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Audit 246How accountants can help uncover modern slavery 

From an article on accountingweb

Accountants and auditors have a role in ensuring that appropriate disclosures are made by companies and are often in a position to make sure the board of directors pays sufficient attention to the risks of modern slavery. Anti-money laundering procedures also can help identify suspicions. And now, the Financial Reporting Council (FRC) has commissioned a review of Modern Slavery Reporting Practices in the UK.

Modern slavery is estimated to globally generate US$150bn annually. There were 8,730 offences recorded by police in 2020 in England and Wales, an increase of 5% on the previous year. The unfortunate reality is that modern slavery has been found in all major sectors of the economy. While it is criminals who drive this activity, businesses with poor governance practices can make it easy for them to succeed in the perpetration of this awful crime. 

Businesses with a turnover of over £36m must write an annual statement setting out the steps they take to address the risk of slavery, both in their own operations and in their supply chains. As you might imagine, it may be relatively easy to ensure there is no modern slavery in your own business, but the supply chain is potentially a much trickier thing to deal with. 

The FRC has found that both modern slavery statements and annual reports lacked the information for shareholders and other stakeholders to make informed decisions. One in ten companies did not provide a modern slavery statement at all and only a third of the statements that were provided were clear and easy to read. In particular, the vast majority of reports were solely backward-looking, with only a few identifying emerging issues or long-term strategy. This is especially a worry at a time when the upheavals produced by the war in Ukraine could easily provide an opportunity for criminal gangs engaged in modern slavery to exploit individuals wishing to escape the conflict.

The reason for the reporting responsibility is to focus boards’ attention on the risks of modern slavery. While our natural reaction to any slavery is shock and horror, companies will also bear the brunt if they are found to have been negligent in dealing with this risk. Accountants have a duty to undertake due diligence on clients and report any suspicions of money laundering activity, with criminal, as well as regulatory penalties if they fail to do so. Modern slavery will always generate proceeds of crime as the businesses or individuals involved will be making savings on wages.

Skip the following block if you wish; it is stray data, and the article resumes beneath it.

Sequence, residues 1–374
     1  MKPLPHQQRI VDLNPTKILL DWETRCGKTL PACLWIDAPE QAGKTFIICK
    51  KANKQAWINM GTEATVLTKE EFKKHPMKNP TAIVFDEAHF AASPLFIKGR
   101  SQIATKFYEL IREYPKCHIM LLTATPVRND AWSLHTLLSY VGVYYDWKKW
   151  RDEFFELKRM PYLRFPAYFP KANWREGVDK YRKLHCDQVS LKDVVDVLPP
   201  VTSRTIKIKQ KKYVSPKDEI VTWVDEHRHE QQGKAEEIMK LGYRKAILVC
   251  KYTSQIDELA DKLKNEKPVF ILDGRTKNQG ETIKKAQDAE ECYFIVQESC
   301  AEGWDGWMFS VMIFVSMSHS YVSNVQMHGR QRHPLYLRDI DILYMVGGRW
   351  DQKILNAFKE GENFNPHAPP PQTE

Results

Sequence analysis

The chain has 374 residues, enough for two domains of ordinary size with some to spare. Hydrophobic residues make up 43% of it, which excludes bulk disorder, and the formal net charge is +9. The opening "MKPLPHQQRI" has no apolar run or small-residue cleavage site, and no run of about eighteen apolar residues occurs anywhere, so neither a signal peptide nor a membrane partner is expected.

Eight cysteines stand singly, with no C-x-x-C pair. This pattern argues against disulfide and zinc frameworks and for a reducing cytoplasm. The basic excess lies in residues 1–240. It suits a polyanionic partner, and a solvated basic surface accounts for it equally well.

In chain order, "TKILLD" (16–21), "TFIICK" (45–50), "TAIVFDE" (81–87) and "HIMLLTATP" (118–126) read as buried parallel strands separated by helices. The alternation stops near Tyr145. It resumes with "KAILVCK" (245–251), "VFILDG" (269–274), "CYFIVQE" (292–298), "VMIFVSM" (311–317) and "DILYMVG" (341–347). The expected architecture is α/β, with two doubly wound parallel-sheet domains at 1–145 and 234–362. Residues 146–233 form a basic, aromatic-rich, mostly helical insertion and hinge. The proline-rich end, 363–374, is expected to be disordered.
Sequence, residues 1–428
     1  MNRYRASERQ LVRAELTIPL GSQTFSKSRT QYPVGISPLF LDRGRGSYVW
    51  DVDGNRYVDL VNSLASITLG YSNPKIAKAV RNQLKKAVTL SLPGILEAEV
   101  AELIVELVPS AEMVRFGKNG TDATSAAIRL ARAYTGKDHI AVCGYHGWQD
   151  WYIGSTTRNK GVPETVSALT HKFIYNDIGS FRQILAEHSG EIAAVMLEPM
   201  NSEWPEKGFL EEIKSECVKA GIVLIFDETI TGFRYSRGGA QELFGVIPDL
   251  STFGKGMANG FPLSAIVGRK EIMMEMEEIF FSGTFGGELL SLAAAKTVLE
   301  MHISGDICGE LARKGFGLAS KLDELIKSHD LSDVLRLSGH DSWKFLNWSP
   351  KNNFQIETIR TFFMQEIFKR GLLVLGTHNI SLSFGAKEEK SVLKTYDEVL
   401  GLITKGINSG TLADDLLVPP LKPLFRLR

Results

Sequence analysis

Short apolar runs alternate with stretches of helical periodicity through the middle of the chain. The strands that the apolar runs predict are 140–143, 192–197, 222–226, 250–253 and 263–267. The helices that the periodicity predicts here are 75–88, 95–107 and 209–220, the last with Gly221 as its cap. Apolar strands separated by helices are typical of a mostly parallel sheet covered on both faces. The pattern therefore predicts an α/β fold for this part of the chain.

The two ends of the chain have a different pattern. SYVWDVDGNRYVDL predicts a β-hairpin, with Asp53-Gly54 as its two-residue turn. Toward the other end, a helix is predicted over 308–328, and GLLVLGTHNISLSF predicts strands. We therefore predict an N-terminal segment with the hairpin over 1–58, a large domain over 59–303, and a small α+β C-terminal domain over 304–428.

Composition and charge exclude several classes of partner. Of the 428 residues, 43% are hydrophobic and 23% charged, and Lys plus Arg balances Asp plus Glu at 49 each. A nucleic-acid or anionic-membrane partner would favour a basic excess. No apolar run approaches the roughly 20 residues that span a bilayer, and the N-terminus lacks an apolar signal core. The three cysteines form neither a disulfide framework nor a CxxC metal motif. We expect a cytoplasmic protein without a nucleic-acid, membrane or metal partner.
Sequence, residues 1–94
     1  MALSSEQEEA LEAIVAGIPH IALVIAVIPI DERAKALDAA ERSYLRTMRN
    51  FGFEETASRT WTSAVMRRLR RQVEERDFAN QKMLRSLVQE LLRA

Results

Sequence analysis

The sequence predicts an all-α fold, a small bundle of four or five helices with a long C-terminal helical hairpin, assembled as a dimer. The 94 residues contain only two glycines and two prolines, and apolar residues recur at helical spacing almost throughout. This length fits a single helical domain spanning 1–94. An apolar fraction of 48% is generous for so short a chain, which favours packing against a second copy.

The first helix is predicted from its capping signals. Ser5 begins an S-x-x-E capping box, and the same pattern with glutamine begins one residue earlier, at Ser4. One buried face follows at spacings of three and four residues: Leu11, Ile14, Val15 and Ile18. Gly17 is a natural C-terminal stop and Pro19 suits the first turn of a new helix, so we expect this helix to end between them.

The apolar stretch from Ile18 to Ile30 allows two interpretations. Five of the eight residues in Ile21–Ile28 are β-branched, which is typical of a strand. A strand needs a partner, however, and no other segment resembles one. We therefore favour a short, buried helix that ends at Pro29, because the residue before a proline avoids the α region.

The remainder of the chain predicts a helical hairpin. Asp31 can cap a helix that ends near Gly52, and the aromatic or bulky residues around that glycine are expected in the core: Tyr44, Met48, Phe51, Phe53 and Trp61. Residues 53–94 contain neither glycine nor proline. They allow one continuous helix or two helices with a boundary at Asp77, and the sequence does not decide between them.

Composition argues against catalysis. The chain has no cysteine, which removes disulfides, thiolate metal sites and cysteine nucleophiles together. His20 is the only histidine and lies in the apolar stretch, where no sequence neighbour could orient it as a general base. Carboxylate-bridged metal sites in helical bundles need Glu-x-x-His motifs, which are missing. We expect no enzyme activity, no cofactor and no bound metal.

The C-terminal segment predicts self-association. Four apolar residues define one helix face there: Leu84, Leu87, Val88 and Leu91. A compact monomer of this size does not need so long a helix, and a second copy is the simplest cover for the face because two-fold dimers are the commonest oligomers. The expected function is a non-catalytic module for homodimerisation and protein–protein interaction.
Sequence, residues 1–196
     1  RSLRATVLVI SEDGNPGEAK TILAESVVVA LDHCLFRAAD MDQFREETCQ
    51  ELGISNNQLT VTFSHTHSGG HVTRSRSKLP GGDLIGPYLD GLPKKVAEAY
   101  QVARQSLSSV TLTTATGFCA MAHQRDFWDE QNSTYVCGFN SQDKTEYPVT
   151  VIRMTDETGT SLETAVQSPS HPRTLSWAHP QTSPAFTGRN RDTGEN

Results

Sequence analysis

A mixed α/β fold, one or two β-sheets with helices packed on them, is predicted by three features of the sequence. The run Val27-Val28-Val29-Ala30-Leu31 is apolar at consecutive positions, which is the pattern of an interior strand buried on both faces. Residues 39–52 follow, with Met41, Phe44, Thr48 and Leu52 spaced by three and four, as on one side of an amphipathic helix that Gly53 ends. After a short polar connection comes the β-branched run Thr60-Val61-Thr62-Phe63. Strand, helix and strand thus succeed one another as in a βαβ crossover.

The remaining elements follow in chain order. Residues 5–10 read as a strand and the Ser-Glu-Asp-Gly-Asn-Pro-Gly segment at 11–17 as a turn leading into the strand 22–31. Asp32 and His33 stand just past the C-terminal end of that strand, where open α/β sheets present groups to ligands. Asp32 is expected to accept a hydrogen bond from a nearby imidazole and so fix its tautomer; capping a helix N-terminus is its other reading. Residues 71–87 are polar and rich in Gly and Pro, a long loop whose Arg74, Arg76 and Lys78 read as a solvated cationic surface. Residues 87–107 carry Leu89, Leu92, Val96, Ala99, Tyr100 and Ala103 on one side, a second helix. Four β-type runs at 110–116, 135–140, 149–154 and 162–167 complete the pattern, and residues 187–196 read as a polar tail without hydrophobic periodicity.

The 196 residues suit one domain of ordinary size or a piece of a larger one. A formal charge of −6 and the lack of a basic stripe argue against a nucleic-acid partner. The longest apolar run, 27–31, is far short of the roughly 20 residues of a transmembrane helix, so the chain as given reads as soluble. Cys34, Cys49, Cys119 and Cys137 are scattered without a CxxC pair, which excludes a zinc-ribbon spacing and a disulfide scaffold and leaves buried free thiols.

The National Crime Agency has a list of indicators under headings including business patterns, high-risk sectors, unusual business activity, unusual payment systems or financial flows and workforce profiles. The items listed are extensive, but some key points to watch for might be:

  • Sectors at risk, such as agriculture, personal service (nail bars and the like), cleaning, construction, maintenance, and transport and freight companies
  • Low staff or National Insurance costs
  • Round-sum salaries, or everyone getting paid the same for different work
  • Extended family involvement
  • Business output not proportionate to staffing levels
  • Businesses on the brink of insolvency (as they are vulnerable to manipulation by criminals)
  • Abuse of client accounts.

The things to watch out for from a human perspective include (according to the Chartered Institute of Environment Health):

  • Evidence of a workplace being used for accommodation
  • Workers are distrustful of authorities
  • Workers look uneasy, unkempt or malnourished
  • Signs of psychological trauma
  • Untreated injuries
  • Evidence of control over movement, such as arriving and leaving in groups
  • Signs of substance misuse
  • Workers cannot give a home address.

Accountants can help to stop modern slavery. Regardless of the size of the business, asking the right questions and ensuring the right procedures might end up helping a trafficked person to freedom or preventing slavery in the first place.

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From an article on accountingweb, 02/08/2022

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